TEGUCIGALPA – Hundreds of Chorti indigenous Hondurans posted themselves on June 23 in front of the Copan Ruinas archaeological park in western Honduras to demand that the government provide them with land on which they can grow crops to feed their families.
Chorti spokesman Manuel Mancia told Tegucigalpa’s Radio America that the protest was being staged because of the government’s failure to fulfill its commitment to provide them with land, an agreement made by then-President Ricardo Maduro in September 2005.
He added that last year an accord was signed with incumbent President Manuel Zelaya according to which the government would hand over to the Chortis some 14,700 hectares, but so far that offer has only been 35 percent fulfilled.
The demands of the Chortis have been made more forcefully starting in 1997. The tribe lives in the western provinces of Copan and Ocotepeque, a region in which there is not much available land because most of it is in private hands, a circumstance that has made the state’s purchase of promised land very difficult, officials say.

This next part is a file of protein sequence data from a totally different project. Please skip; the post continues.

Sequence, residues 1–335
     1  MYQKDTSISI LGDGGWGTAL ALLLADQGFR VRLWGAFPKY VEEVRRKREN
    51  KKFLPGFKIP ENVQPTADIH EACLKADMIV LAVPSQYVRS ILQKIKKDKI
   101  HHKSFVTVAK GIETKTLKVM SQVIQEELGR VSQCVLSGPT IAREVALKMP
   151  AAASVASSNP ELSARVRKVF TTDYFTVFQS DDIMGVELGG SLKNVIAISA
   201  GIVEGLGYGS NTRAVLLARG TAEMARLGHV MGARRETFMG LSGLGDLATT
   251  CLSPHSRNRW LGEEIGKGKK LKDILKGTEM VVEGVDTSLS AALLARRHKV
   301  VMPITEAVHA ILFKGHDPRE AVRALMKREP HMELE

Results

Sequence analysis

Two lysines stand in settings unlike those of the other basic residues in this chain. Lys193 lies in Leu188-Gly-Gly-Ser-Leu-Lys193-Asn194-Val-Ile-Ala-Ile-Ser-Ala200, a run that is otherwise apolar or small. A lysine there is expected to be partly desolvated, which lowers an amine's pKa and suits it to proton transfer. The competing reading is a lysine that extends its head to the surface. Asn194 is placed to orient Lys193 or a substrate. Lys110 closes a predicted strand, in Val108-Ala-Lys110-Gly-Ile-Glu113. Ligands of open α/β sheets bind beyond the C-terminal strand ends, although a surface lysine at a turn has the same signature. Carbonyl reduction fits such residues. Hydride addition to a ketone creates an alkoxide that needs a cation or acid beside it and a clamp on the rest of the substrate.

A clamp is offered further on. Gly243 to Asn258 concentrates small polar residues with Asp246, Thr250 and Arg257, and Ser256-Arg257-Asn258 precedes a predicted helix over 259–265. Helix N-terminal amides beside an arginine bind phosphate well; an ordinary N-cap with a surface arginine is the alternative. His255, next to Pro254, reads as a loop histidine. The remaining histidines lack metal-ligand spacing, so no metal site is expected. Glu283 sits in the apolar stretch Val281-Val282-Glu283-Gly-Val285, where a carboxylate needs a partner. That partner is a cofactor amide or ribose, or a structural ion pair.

No end date was placed on the protest, which began last week, Mancia said.
In 2005, the Chortis staged a similar demonstration for six days in front of the park that includes the remains of the Mayan city of Copan, a protest that caused substantial financial losses because the site is one of the main tourist attractions in Honduras.
Mancia also noted that the Chortis, who number some 8,000, are demanding land on which to carry out their subsistence farming activities.